In a positive sign for the shaken cruise industry, Carnival Corp. on Tuesday reported better earnings than the company or analysts had expected.
Net income was slightly down at $1.33 billion and revenues dropped from about $5.1 billion in the third quarter of 2011 to nearly $4.7 billion for the three months ending Aug. 31 this year. That $1.33 billion includes $136 million of unrealized gains through the company’s fuel derivatives program, which mitigates risk from fuel price hikes.
Excluding those unrealized gains, net income was $1.2 billion or $1.53 diluted earnings per share, higher than the previous forecast of $1.42 to $1.46 per share.
The Miami-based cruise giant also narrowed its full-year forecast to $1.83 to $1.87 per share, a more specific target than the previously released figure of $1.80 to $1.90 per share.
Executives said revenue yields, or the money made per berth per day, were down from a year ago but not as much as anticipated. While cruise prices have been lowered to stimulate demand, costs were also down and fuel consumption was reduced.
Cruise operators have struggled to return booking volumes and cruise prices to the levels where they were before the fatal Jan. 13 shipwreck of the Costa Concordia, owned by one of Carnival’s brands. Following the disaster in Italy, cruise lines were forced to significantly reduce prices to fill ships. Economic woes in Europe, where many cruise lines have extra capacity during the summer, have also proven challenging for Carnival.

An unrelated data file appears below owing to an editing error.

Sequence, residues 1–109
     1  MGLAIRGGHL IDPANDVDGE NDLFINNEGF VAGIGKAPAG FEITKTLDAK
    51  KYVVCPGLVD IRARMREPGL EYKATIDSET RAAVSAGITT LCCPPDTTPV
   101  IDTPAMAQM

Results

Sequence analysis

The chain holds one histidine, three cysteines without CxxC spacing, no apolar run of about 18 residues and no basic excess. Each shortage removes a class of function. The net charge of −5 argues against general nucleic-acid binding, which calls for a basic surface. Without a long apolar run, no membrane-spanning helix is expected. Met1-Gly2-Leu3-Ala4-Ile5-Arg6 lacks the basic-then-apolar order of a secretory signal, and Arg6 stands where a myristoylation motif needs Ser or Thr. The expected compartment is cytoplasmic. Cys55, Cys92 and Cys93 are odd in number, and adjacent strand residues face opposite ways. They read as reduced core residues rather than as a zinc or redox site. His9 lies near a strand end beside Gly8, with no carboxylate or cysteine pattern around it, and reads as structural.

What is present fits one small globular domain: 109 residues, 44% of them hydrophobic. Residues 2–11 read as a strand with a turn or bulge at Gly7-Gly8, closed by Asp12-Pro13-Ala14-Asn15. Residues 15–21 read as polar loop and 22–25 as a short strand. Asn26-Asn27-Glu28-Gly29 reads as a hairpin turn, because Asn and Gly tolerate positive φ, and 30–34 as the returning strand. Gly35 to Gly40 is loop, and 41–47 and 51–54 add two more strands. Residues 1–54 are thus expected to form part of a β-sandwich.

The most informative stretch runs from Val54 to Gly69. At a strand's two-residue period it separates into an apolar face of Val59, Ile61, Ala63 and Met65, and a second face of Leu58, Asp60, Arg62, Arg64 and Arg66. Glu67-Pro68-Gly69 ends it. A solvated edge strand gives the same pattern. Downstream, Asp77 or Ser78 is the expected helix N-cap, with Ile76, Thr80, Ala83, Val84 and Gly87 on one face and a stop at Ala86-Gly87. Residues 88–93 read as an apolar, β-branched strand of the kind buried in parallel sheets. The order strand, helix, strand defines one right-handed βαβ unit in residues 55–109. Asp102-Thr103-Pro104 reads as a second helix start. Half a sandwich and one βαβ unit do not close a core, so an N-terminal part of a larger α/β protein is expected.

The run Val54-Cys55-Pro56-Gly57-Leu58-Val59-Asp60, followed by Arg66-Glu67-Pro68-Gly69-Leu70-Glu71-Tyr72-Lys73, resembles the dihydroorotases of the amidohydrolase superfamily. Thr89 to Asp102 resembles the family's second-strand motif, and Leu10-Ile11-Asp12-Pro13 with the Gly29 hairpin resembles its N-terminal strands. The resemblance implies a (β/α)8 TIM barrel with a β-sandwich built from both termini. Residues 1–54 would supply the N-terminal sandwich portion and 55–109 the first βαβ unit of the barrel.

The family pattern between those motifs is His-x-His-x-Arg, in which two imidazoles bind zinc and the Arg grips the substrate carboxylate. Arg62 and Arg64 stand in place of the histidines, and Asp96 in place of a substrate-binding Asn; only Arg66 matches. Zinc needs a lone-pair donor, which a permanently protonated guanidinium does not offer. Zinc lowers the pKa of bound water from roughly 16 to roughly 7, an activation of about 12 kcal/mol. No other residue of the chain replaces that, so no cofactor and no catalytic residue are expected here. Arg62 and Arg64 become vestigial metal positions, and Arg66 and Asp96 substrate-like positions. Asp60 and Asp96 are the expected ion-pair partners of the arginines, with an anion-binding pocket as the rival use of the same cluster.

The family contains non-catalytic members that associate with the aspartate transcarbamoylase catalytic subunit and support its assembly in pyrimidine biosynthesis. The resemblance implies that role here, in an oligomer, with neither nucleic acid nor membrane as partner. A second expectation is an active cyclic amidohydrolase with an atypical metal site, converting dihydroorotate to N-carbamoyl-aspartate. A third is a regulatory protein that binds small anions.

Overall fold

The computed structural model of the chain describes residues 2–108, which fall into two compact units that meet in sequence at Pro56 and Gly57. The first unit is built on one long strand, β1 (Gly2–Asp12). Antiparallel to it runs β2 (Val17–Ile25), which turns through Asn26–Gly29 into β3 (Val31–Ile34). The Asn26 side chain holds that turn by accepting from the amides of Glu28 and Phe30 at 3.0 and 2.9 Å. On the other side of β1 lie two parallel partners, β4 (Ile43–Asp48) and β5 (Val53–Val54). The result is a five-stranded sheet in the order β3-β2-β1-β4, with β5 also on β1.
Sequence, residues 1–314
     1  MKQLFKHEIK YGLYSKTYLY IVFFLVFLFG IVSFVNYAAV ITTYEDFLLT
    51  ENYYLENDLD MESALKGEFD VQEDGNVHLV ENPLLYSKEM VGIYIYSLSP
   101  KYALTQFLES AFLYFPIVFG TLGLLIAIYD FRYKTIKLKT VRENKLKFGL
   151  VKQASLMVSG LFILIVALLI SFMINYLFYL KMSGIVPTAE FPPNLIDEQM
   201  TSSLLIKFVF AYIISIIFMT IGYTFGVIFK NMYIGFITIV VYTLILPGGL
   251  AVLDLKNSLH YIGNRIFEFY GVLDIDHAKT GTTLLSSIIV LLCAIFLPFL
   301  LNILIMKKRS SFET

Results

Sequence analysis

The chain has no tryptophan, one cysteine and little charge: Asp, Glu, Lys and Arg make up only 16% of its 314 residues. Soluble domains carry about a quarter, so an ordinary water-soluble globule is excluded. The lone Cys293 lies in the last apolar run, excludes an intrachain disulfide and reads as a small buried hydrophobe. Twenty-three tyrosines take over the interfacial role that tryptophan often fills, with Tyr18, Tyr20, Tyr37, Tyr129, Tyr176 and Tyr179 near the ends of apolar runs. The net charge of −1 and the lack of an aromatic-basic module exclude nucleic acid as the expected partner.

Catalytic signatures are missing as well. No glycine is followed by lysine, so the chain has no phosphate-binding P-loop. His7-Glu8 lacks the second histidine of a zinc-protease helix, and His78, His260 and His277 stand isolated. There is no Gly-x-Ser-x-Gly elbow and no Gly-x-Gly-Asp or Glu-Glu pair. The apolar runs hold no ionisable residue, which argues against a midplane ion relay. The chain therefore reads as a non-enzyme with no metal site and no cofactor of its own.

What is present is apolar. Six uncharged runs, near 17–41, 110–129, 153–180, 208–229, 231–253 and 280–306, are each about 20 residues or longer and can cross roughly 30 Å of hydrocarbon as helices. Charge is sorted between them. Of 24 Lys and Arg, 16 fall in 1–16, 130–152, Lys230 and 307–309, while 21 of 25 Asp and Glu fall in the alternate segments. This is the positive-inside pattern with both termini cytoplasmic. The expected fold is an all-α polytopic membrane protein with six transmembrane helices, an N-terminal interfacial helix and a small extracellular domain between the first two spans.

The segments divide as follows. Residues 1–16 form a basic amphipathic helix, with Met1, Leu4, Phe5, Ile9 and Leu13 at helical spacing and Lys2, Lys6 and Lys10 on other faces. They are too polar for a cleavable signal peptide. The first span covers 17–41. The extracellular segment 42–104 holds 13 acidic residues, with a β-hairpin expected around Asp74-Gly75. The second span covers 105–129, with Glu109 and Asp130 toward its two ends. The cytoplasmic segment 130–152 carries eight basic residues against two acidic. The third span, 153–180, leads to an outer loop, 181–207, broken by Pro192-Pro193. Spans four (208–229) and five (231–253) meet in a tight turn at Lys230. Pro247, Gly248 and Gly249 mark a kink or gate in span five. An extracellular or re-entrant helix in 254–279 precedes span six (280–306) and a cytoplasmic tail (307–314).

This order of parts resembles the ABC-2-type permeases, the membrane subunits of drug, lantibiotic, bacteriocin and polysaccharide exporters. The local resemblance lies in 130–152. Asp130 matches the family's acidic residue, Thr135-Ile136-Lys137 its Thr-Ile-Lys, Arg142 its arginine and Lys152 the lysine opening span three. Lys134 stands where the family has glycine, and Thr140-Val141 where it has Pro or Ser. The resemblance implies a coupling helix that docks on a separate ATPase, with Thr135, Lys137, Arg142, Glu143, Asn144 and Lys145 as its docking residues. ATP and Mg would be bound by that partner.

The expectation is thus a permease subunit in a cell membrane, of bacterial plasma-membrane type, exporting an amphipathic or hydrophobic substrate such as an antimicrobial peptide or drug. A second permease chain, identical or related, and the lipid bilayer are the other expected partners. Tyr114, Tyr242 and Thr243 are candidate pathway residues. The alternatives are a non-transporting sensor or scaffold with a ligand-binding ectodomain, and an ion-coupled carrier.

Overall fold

But the company said recent trends have been promising: Excluding Costa Cruises, booking volumes for the rest of the year and first half of next year have increased 9 percent over the last six weeks compared to the previous year at similar prices. Costa has also seen a 9 percent year-over-year increase in booking volumes, but at lower prices.
“The pace of booking volumes remains healthy, enabling us to continue to catch up on occupancy levels, while pricing has gradually improved,” said Carnival Corp. Chairman and CEO Micky Arison in a statement. “Both of these trends leave us well positioned for a recovery in cruise ticket prices beginning in the second quarter of 2013.”
Matthew Jacob, senior cruise analyst at ITG investment research in New York, said cruise lines were forced to discount sailings for the third quarter to make up for the lull that followed the accident at the beginning of the year, which is peak booking season.
But Jacob said pricing looks much more stable in the future. “I think it speaks to the idea that trends further out, once you get past the negative impact of the accident, are better than people thought,” he said. “I think the industry is definitely poised for a return to growth next year, and potentially some solid growth.”
Carnival shares closed at $37.08, slightly higher than the previous day’s close.